The perfect way to spend a day in the Thompson Okanagan region starts with visiting the 463-foot Helmcken Falls, a hike in a rare inland temperate rainforest or the views from the highest mountain in the Canadian Rockies, Mount Robson. Visitors who like a slower pace can explore Thompson Okanagan’s vineyards by strolling along the wine trails. This region has over 200 wineries, the best way to see a bunch of them is to head to Kelowna on Okanagan Lake where there is a cluster of about 30 wineries. Plan your trip around the wine festivals that take place in spring, fall, and winter.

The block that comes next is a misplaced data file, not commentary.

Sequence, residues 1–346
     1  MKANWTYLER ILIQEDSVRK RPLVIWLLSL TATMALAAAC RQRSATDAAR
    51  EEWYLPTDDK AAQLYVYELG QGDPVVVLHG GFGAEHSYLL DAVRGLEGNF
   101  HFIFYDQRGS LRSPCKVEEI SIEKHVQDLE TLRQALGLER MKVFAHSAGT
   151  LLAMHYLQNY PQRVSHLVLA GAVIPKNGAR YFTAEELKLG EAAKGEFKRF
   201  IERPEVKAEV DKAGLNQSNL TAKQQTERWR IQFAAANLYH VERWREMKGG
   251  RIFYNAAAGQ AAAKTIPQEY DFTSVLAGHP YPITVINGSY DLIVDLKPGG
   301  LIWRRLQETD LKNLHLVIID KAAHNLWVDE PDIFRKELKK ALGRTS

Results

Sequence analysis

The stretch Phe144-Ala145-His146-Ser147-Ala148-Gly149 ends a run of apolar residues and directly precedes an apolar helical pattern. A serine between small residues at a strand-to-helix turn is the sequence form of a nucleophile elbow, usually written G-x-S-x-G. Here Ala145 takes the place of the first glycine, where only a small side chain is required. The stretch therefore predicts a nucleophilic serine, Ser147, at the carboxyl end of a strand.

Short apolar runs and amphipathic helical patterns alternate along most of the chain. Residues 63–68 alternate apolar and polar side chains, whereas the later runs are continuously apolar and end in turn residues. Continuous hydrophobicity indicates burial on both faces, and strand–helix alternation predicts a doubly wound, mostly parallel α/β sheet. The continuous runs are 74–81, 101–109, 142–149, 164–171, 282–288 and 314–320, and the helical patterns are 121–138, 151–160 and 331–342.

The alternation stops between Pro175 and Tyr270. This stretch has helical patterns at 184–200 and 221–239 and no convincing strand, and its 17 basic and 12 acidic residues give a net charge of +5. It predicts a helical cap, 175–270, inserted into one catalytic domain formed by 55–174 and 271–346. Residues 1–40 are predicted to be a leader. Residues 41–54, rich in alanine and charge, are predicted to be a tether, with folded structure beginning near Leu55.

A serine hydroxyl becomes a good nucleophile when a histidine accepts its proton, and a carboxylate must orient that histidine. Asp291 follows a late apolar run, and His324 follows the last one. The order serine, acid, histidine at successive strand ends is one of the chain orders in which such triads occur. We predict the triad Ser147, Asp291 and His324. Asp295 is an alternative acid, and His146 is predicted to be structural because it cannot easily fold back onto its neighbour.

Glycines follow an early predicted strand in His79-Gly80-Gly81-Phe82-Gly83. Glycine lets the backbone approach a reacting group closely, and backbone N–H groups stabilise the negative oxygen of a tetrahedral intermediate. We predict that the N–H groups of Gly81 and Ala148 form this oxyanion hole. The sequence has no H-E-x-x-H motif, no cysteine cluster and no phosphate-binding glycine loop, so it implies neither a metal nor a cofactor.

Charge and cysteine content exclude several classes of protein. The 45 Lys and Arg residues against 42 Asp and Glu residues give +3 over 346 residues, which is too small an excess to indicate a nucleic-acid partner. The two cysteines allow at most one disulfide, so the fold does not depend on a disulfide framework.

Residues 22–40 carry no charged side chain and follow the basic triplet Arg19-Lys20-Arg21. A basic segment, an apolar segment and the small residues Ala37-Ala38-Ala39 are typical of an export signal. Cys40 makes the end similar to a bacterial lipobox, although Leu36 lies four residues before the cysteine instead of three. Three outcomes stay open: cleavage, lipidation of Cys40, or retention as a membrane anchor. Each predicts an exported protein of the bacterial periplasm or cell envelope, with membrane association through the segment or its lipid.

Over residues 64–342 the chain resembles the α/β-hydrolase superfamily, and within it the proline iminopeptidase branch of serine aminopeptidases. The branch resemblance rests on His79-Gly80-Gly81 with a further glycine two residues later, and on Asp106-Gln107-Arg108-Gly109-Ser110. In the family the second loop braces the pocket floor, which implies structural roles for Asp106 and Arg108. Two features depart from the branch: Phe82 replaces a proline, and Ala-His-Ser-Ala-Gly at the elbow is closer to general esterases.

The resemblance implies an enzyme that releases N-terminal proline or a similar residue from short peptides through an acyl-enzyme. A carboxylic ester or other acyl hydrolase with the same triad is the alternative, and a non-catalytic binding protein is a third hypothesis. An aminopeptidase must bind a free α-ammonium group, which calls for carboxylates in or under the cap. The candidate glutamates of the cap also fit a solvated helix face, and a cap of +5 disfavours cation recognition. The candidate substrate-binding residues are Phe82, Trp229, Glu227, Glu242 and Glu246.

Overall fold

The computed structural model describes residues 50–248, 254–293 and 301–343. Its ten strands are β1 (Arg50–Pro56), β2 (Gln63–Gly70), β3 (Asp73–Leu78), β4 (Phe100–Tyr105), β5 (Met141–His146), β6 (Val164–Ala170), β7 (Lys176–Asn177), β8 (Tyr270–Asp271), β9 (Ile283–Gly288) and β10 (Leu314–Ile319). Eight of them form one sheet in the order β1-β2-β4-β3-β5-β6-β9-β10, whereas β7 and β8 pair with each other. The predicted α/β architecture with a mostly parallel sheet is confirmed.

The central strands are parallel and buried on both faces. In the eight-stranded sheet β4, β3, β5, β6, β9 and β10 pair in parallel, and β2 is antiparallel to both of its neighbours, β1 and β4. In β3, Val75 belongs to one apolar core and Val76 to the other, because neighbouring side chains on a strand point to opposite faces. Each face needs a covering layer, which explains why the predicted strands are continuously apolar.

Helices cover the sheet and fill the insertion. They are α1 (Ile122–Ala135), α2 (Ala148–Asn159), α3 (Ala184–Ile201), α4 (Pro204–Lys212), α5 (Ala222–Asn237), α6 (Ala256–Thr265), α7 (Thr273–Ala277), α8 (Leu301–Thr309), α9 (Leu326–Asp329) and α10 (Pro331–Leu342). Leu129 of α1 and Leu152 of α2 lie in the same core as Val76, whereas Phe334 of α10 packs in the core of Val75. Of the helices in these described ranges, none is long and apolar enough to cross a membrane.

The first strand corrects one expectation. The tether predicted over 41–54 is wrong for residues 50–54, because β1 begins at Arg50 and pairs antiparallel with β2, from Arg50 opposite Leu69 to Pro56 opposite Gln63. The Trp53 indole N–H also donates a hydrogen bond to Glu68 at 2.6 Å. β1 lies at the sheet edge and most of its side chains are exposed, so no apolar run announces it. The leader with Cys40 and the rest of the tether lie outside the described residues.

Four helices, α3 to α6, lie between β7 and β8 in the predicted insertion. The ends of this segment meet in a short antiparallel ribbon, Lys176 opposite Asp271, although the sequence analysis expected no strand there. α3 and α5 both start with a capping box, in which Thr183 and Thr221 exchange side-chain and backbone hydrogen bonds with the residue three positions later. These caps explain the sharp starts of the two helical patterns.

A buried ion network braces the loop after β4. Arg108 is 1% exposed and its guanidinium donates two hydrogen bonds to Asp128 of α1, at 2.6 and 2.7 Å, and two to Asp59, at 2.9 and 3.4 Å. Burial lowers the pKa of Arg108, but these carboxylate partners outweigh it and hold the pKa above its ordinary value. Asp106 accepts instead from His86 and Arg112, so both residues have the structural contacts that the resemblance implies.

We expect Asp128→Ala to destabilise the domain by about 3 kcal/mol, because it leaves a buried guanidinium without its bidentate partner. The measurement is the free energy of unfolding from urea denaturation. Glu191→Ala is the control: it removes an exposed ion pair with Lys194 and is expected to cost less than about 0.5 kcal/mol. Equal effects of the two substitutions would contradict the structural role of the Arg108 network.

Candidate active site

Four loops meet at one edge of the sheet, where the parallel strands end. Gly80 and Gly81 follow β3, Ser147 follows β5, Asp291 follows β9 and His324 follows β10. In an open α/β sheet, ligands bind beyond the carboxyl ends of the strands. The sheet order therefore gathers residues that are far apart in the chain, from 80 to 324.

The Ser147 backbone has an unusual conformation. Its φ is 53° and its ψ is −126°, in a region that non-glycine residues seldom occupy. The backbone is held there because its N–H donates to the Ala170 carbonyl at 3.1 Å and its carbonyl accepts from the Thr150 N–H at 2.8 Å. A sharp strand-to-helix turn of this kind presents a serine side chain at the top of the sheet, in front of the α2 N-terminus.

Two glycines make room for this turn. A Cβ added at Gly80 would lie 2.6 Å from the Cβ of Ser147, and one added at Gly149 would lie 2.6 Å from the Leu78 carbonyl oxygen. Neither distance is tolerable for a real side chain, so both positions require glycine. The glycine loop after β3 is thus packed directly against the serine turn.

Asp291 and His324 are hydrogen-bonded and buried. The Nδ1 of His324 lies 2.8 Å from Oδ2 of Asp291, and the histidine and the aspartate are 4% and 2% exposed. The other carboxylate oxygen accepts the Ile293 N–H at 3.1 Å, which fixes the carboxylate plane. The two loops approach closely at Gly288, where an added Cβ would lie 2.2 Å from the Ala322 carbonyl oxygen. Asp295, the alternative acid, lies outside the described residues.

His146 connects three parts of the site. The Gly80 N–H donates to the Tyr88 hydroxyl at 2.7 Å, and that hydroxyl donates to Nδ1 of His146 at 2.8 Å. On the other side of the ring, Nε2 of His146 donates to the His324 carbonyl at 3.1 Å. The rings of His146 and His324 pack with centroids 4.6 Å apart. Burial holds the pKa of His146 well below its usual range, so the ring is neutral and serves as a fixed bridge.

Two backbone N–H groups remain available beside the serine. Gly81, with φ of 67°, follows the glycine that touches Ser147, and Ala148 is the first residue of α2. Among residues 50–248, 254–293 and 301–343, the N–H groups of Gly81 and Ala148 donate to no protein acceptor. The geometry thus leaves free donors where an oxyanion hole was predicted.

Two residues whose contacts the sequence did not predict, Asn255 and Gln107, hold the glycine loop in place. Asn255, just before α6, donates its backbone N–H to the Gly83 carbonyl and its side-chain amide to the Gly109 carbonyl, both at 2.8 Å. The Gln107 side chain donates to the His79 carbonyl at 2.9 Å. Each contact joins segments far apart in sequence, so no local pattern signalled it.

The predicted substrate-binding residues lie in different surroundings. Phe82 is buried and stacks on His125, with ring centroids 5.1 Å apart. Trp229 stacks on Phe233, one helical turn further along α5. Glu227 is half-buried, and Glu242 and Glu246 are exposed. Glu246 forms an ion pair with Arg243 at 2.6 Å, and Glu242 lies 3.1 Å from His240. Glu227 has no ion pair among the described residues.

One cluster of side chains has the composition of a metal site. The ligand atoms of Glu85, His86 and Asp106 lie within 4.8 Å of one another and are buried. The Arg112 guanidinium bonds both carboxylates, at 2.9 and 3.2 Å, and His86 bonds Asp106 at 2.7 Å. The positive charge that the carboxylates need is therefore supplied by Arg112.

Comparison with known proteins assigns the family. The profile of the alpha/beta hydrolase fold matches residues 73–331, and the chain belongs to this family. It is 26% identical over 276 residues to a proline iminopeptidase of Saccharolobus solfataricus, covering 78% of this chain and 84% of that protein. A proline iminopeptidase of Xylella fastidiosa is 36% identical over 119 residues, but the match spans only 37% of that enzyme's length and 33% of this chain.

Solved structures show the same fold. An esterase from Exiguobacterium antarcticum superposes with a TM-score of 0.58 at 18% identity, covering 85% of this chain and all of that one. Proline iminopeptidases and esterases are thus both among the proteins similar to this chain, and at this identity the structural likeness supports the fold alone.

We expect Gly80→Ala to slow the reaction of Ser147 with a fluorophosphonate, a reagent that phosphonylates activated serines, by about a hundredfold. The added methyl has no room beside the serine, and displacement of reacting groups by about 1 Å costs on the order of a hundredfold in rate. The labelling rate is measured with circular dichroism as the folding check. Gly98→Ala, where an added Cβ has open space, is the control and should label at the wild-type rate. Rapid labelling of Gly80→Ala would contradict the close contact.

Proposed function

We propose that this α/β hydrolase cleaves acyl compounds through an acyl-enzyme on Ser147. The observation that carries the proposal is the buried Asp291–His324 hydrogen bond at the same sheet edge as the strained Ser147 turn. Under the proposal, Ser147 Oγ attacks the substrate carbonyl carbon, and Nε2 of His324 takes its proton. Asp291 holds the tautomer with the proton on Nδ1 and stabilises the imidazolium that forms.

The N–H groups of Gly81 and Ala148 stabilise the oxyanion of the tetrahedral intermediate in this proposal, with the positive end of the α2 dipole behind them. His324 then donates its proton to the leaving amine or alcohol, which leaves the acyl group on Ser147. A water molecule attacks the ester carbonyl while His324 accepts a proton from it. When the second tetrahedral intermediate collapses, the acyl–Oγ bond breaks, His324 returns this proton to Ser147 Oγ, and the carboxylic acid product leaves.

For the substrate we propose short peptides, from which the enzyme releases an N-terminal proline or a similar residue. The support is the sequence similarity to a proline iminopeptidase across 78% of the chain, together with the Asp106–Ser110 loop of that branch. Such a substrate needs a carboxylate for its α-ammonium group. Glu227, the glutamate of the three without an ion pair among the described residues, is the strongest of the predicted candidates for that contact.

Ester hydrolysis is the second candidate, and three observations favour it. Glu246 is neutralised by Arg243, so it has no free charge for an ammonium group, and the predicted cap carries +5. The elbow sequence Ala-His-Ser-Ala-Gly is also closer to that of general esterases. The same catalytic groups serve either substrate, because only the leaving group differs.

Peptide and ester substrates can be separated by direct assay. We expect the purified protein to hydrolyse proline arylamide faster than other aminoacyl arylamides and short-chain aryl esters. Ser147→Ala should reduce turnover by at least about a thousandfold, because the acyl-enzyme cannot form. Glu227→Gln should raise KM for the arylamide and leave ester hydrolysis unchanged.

2018 is a great year to scope out Kaslo’s vibrant food scene, natural beauty and cultural attractions. This scenic, quintessential small-town lies in a valley next to Kootenay Lake, surrounded by lush forestation and mountains. Downtown is flourishing with artisans, restaurants and boutique shops. The nice thing about Kaslo is there are no box stores, chain coffee shops or traffic jams.
Try bennies Bluebelle Bistro & Beanery, tacos at Taqueria el Corazon, and homemade soup at Landmark Bakery. August is an eventful time of year – both the Columbia Basin Culture Tour and the Kaslo Jazz Etc. Summer Music Festival take place – but visit during the off-season if you want this lovely town all to yourself.